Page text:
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He shoots, he scores! Grand Meadow science teacher honored by Minnesota Wild

Jan. 23—Michael Keefe is a teacher and he's a hockey fan and because of his passion for both subjects, the Grand Meadow science teacher has been recognized by the Minnesota Wild.

Keefe, who has been with the Grand Meadow Public School District for 18 years, was recently named the Wild's Teacher of the Month through the team's Future Goals initiative.

"It's connecting school to hockey basically," Keefe said. "What they are trying to do is encourage science and math and how sports can actually incorporate those things."

As part of the recognition, Keefe received a congratulations letter and a complementary jersey with his name on it.

But for Keefe, one of the highlights of the award is being able to students through a sport he loves.

"I really like this program because it allows kids to learn more about the sport of hockey and hockey is one of those sports you really have to understand to appreciate," Keefe said. "You have to get the basics of the rules, the basics of the strategy before you can appreciate the skill level."

"The program is a really nice way to segue into that and it's just a fun way to almost trick kids into learning because they find it interesting and they ask questions," he continued. "That just leads into a nice discussion of all the science concepts you can incorporate when you talk sports."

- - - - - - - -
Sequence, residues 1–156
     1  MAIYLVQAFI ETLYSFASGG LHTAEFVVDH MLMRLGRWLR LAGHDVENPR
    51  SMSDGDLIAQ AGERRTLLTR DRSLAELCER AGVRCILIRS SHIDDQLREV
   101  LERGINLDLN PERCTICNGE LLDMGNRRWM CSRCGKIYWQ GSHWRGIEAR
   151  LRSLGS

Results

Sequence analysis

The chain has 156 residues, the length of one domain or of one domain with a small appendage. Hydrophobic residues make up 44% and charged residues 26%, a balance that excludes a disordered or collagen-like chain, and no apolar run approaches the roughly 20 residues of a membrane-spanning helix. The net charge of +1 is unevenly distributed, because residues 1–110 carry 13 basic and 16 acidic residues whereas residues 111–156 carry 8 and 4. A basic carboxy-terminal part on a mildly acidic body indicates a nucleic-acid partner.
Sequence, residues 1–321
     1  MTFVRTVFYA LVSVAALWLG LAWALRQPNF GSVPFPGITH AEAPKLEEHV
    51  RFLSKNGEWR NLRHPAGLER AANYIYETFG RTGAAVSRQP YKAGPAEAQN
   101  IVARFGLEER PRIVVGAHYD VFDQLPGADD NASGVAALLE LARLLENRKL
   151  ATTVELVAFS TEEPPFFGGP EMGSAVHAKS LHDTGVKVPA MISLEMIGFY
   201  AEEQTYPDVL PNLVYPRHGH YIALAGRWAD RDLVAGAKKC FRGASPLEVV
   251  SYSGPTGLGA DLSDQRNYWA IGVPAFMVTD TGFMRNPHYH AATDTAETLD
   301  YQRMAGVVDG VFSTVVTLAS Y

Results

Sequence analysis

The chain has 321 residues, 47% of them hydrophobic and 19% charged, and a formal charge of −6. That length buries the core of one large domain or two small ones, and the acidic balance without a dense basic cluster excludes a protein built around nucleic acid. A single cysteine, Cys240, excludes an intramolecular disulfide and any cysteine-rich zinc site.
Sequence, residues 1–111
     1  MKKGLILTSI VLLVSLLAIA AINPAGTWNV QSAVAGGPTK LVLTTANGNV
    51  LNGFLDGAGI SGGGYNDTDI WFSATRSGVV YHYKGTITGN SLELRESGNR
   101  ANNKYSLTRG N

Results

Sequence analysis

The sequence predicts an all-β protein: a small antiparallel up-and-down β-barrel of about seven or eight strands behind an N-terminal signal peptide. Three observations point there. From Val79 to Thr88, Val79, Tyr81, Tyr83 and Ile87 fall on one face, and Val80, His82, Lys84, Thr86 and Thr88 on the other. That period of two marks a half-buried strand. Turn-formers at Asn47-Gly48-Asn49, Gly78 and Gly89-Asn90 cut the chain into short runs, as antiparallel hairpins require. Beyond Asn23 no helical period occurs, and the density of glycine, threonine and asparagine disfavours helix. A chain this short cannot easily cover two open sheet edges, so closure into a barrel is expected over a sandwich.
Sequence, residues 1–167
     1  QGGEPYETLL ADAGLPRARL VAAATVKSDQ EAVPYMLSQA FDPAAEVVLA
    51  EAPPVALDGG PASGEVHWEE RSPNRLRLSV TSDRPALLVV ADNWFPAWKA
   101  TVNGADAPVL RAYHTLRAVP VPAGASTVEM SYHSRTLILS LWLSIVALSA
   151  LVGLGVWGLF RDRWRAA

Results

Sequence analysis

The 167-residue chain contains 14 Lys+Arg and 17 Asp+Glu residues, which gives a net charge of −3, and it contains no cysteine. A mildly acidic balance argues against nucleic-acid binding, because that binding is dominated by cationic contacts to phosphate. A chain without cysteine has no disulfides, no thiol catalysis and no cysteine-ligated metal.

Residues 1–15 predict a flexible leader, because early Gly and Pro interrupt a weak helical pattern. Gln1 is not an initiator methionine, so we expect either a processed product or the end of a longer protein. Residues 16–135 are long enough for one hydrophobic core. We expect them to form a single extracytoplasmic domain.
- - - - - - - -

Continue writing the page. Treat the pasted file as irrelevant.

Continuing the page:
Keefe has been a hockey fan his whole life, taking to pond hockey when he was growing up in the Chicago area.

An instructor of anatomy, biology, chemistry and physics at Grand Meadow, Keefe said he was drawn to teaching science because of an interest in learning more about the world around him.

"Then I really got passionate about trying to get that into others and went into education for that reason," he said.

Taking advantage of in-state tuition, Keefe attended Winona State University before embarking on his first three years as a teacher in one of the most unique places in the world — an island in the Bering Sea teaching members of the local eskimo community

"What brought me to Alaska was they offered me a free airline ticket and said come for an adventure," Keefe said. "It was incredible. I could see beluga whales outside of my bedroom window and musk ox out by bedroom window."

The average number of graduates each year was around three, but there was sporting opportunities through youth Olympics and basketball that would see the team jumping on a plane for road games.

"The half court was about the three-point line," Keefe recalled.

After three years, Keefe decided it was time to return to Minnesota and landed in Grand Meadow because of both the town and the school.

"You get to know people. You get to teach people two years in a row. You get to interact a lot more," he said. "I've just really liked the community. I've really gotten engaged. I've done ambulance for the last 16 years and now that I have my own two daughters, it's a great place to raise a family."

During his time in Grand Meadow, Keefe has been able to turn to hockey and skating as a way to teach various science fundamentals. More recently, this included taking members of the sophomore class skating.

"Not only is it just the book science side of it or the learning side of it, but the engagement was super fun," Keefe said. "To watch those kids go from novice, to say the least, to actually enjoying and appreciating the game of hockey was fun."

Keefe said this recent recognition by the Wild was fun, but there was also a reconnection component.

"For me, it's been really cool to be recognized at a state level," he said. "But even more fun for me was connecting with former students through this. I've had a lot of former students and parents reach back out to me, which has been really rewarding for me."